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Abstract— When materials are to be treated Initially, to fix the sample size for which there
with microwaves for different purposes such is maximum sensitivity, samples with different
as drying, online moisture measurements, sizes were taken for measurement.
disinfestations, and remote sensing, thorough Sample
knowledge of the material dielectric properties
becomes extremely important. Unlike for
other materials, measurement of dielectric
properties for biological substances is very
complicated due to the nature of the materials
themselves. This paper presents study on
dielectric properties of various biological
materials like cucumber, paneer, etc using a
ring resonator. The dielectric ring resonator is
used as a model for both analysis and
Fig.1. The dielectric ring resonator
Finally with the decided sample size the
I. INTRODUCTION measurements were done. The readings were
The measurement of dielectric properties is not taken by changing the moisture content of the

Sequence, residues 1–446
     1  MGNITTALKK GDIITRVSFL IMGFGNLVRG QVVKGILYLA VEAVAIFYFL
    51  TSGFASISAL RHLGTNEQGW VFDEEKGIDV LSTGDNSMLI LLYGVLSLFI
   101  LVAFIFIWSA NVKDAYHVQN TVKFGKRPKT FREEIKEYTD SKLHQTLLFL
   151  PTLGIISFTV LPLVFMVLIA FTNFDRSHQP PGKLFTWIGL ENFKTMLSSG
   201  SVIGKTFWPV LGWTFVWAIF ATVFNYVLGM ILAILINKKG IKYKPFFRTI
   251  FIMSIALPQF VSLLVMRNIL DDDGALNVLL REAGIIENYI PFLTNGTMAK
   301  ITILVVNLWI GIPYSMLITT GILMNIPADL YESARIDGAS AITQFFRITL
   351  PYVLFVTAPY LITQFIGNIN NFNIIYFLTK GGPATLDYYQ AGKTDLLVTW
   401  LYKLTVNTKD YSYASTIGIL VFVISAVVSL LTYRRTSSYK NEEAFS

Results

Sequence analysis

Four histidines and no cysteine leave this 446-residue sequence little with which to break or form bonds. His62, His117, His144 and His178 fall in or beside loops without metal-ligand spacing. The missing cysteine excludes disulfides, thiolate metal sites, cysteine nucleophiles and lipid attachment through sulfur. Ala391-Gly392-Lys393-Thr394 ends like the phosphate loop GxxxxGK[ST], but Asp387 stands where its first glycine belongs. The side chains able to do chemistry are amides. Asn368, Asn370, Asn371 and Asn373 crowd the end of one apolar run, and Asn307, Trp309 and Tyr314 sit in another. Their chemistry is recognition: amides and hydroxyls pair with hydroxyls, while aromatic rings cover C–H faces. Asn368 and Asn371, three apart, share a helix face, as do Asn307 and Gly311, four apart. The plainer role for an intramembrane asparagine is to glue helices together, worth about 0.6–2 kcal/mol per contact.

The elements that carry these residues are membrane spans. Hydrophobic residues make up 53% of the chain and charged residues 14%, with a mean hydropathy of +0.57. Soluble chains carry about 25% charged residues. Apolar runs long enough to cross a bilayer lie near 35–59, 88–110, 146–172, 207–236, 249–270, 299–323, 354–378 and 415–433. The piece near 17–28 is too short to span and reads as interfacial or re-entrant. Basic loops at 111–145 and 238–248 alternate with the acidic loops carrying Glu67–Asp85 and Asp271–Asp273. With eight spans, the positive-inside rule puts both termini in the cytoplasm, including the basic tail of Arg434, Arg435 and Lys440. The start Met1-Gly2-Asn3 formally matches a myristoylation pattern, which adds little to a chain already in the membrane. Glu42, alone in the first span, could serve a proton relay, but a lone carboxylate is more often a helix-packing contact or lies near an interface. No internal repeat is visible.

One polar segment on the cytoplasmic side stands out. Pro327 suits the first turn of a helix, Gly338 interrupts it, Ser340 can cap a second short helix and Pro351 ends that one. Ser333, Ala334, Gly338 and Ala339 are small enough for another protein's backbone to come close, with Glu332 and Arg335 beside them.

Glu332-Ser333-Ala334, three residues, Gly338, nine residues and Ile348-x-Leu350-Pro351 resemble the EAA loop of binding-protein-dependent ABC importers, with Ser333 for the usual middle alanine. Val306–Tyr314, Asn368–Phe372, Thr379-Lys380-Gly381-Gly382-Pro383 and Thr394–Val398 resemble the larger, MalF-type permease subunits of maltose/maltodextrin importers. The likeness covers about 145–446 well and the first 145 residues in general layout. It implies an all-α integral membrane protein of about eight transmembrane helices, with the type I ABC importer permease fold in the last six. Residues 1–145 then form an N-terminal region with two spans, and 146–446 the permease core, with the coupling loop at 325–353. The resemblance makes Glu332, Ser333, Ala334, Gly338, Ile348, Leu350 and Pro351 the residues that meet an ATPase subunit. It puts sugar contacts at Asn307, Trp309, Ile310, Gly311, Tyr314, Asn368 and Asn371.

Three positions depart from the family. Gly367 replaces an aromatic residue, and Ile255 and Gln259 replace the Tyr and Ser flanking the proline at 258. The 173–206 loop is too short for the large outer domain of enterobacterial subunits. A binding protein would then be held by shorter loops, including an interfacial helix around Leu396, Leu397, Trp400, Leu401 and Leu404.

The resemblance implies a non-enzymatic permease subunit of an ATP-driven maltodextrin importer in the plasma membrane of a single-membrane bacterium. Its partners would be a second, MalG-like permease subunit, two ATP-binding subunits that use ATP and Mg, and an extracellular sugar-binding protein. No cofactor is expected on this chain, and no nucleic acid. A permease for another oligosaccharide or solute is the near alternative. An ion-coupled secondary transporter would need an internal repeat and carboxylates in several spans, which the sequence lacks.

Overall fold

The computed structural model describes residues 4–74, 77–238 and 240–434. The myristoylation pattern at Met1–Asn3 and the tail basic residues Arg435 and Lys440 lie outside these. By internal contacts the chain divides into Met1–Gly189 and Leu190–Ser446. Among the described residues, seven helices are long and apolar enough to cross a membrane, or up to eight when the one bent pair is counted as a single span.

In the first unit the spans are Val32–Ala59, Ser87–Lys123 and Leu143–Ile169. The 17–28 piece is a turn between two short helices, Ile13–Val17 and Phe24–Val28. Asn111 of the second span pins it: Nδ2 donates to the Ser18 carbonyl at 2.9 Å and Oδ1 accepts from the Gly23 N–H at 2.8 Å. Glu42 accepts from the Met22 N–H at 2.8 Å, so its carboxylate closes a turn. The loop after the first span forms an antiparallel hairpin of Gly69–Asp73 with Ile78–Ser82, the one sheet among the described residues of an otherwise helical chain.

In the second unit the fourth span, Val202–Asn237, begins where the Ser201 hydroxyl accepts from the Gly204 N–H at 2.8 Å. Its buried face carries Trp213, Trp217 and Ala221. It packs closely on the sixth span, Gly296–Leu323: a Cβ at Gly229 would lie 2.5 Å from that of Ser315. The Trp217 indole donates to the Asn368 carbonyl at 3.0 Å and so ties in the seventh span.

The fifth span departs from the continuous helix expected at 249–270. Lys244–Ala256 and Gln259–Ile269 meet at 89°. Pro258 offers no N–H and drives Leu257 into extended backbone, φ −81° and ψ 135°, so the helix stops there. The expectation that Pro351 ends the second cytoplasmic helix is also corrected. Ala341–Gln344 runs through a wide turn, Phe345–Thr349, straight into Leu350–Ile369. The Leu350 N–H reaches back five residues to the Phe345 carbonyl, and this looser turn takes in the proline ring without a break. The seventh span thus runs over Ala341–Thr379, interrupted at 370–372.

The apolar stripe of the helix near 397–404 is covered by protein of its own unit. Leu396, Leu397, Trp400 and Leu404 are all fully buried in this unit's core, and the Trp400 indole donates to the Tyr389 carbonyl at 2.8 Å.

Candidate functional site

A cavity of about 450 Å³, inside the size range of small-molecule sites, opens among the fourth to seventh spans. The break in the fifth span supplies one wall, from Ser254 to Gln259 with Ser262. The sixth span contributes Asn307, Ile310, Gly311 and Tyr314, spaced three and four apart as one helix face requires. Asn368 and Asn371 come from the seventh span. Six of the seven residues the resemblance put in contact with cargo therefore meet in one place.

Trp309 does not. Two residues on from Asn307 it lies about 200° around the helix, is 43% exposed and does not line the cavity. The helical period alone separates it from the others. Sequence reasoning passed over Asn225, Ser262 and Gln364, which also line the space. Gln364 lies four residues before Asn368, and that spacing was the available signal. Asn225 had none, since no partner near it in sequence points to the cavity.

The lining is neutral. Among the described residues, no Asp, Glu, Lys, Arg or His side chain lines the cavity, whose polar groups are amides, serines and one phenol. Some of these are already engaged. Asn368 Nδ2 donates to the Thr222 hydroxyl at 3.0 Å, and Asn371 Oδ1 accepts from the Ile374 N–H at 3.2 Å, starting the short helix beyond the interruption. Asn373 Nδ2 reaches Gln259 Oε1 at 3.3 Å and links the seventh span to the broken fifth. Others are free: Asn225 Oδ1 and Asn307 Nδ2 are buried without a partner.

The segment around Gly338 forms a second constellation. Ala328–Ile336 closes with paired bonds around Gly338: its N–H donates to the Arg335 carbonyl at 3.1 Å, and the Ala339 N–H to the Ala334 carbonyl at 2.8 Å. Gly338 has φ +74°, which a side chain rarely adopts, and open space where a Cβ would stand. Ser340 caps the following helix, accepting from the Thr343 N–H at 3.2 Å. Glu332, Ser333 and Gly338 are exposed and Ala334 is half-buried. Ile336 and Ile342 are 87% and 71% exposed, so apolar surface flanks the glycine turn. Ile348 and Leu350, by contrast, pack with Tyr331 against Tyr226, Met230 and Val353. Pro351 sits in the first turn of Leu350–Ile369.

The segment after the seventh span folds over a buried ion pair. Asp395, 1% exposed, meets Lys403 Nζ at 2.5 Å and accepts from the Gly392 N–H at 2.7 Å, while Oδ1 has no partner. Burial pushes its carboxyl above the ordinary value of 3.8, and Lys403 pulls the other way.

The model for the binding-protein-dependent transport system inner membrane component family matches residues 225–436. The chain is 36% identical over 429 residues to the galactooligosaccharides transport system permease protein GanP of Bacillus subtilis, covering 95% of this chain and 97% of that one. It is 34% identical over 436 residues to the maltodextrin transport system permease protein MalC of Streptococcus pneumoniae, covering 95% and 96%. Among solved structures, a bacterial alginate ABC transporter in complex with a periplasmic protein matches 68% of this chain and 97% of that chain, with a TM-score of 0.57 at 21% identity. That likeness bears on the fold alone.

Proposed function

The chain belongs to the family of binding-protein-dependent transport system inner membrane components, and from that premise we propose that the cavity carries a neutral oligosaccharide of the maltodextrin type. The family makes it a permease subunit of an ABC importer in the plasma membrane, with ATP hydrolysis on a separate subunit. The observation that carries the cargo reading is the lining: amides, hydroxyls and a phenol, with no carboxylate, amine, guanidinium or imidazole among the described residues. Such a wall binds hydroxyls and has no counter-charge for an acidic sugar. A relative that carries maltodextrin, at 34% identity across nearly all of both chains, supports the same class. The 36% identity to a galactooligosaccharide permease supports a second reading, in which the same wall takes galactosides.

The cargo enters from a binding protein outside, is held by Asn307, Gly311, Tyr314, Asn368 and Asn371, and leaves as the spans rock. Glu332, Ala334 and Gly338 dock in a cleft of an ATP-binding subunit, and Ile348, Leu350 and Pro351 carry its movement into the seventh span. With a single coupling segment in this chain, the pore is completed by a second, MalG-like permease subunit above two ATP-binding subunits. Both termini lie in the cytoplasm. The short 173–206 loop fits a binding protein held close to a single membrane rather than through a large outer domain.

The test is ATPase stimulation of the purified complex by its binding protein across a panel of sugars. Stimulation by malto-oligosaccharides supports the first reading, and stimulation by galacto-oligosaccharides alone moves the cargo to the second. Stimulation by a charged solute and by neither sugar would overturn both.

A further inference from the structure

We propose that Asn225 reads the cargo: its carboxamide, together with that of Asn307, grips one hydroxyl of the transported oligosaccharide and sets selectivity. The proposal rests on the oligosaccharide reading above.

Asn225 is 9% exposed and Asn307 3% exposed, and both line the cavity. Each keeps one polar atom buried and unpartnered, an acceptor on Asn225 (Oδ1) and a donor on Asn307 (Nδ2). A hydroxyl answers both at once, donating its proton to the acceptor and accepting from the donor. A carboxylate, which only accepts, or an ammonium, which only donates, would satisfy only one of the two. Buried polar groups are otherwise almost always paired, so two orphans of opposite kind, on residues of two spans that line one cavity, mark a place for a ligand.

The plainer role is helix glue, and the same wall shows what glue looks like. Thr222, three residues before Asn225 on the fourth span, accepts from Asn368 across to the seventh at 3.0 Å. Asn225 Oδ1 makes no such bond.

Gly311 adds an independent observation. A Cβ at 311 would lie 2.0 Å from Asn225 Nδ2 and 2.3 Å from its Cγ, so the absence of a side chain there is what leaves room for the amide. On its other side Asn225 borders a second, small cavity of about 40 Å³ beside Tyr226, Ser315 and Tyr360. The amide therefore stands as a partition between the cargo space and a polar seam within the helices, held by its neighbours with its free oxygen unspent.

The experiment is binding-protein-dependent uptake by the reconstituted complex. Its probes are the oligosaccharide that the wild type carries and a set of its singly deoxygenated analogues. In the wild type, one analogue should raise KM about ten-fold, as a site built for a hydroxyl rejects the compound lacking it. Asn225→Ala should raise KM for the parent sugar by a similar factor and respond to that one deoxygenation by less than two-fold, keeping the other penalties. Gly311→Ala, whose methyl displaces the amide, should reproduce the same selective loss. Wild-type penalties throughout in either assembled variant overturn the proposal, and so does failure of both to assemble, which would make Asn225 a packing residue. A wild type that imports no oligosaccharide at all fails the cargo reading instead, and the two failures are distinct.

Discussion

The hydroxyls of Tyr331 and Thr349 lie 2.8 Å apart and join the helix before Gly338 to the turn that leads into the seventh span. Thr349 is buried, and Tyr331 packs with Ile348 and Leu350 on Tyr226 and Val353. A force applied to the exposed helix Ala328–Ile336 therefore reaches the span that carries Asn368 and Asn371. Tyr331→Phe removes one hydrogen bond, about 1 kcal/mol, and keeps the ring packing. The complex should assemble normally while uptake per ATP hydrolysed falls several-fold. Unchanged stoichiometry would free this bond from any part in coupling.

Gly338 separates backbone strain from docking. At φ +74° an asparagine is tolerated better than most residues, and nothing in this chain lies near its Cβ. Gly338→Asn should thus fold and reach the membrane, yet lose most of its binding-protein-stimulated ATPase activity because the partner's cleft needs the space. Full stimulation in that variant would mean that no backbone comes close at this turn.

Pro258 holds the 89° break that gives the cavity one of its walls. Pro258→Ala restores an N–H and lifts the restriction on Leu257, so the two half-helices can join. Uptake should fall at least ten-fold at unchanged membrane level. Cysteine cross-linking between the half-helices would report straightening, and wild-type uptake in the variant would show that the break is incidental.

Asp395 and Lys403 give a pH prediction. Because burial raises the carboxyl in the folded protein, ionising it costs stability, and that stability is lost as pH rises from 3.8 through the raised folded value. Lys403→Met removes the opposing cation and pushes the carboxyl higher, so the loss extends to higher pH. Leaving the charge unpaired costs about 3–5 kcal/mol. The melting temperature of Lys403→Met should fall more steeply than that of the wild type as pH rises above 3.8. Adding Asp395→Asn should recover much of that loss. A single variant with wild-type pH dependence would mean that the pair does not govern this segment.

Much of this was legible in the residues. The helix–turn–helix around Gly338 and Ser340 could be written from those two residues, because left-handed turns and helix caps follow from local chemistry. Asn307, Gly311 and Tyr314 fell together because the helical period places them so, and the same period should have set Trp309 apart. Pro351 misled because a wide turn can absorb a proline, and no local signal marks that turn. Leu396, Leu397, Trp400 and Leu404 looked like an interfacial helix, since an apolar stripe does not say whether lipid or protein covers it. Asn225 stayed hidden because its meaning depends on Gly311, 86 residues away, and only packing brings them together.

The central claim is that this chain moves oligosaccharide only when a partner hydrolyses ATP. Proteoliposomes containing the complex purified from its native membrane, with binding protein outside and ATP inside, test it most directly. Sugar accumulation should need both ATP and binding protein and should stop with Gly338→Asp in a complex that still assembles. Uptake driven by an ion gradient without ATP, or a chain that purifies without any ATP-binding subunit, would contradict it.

only important in scientific but also in industrial sample. This was done by drying the sample in
applications. The interest in microwave dielectric sun and taking readings after every 5 min. while
properties of biological materials has been high in simultaneously noting down the weights of the
recent years. sample. These weights were then used to
Numerous measurement methods have been calculate the moisture content of the sample.
developed in recent years. Using the method The moisture content of material, M, expressed
described in this paper the dielectric properties of in percentage, wet basis, is defined as
various biological materials like cucumber,
paneer, etc. can be determined using a ring
resonator. Moisture measurement is also done for
all these samples since moisture is a major (1)
content in all biological samples. For this purpose where,
ring resonators of 3 different frequencies were
ww = mass of water
designed viz. 2GHz, 2.5GHz and 2.2GHz.
Different substrates for these resonators are used wd = mass of dry sample
like Glass Epoxy and RT Duroid.
Basically, microwave resonators are the
devices in which maximum energy transfer takes II. THEORY
place at the resonant frequency at which they are The configuration of dielectric ring resonator is
designed. This resonant frequency changes with a shown in figure 1. It includes inner radius r1,
change in effective permittivity of the material, outer radius r2 and side arms of length Ls and
which is in contact with the resonator. The use of width w. The sample was kept as shown in the
ring resonators for the measurement gives more figure and the number of samples was increased
accurate results since the parasitic losses in ring horizontally as well as vertically, so that the